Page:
An introduction to the history of British hip-hop as it finally escapes its reputation as the poor cousin of the American variant with a succession of hugely successful releases by the new stars of 'grime'. Alex Ogg, a notable author in this field having previously written The Hip Hop Years (and been a consultant on the accompanying BAFTA nominated documentary strand), The Men Behind Def Jam and Rap Lyrics: From The Sugarhill Gang to Eminem, is a long-term commentator on the global breakout of hip-hop. His latest book explores the unique factors at play in the development of this subculture, tracing it right back to the first key releases in the early 80s, to the false dawn of the early 90s, and finally the spectacular success of grime in the last two years. Key landmarks are addressed along that timeline, and important recordings and incidents appraised, including many first-hand quotes. The ill-defined and much misunderstood agrimea genre is placed in a specific historical context, as well as sections on trip-hop and other contributory/parallel British musics. As well as offering a comprehensive foundation for those who wish to investigate this phenomenon, Ogg provides a recommended listening list as well as snapshots of the new heroes of grime, from Dizzee Rascal and Tinchy Snyder to Tinie Tempah.However, almostallwould complain of regional isolation and the Londoncentricity of themusic business, although that was by no meansaconcern unique to hip hoppers. ... relocated from Nottingham, helped set up Gee Street Recordings ( alongside DJ Richie Rich, who had his own show on KISS FM as well as solo hits ). ... Massive [Attack], Happy Mondays, Stone Roses were just making their sound . ... Bandwagonjumpers (from which category the named parties our excised) areuseful in.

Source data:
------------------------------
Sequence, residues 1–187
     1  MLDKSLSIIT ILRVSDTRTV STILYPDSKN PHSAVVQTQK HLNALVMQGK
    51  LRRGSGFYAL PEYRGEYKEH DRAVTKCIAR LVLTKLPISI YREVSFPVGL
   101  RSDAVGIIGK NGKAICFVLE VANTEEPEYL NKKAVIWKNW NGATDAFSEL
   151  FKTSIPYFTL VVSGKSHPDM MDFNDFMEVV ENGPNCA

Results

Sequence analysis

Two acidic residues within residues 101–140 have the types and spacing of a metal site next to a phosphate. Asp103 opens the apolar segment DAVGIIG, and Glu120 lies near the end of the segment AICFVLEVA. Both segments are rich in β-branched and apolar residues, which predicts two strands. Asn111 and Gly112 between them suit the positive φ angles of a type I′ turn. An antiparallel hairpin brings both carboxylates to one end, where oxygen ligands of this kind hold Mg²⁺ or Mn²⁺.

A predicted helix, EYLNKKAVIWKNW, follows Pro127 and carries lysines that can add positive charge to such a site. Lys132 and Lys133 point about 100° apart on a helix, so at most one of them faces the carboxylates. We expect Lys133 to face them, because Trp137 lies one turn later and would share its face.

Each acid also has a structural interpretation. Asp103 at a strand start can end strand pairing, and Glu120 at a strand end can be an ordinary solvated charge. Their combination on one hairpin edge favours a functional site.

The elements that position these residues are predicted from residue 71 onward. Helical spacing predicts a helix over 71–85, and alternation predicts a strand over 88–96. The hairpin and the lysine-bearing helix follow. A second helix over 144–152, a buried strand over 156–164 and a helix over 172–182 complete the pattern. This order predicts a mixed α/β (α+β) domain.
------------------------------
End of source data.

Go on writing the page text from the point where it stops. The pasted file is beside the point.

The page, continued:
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|Publisher||:||Andrews UK Limited - 2011-04-21|